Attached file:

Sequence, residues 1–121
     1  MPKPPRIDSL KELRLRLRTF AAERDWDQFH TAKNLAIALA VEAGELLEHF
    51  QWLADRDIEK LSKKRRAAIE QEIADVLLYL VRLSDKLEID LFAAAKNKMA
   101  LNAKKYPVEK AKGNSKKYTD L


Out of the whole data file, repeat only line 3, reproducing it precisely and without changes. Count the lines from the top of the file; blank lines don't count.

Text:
    51  QWLADRDIEK LSKKRRAAIE QEIADVLLYL VRLSDKLEID LFAAAKNKMA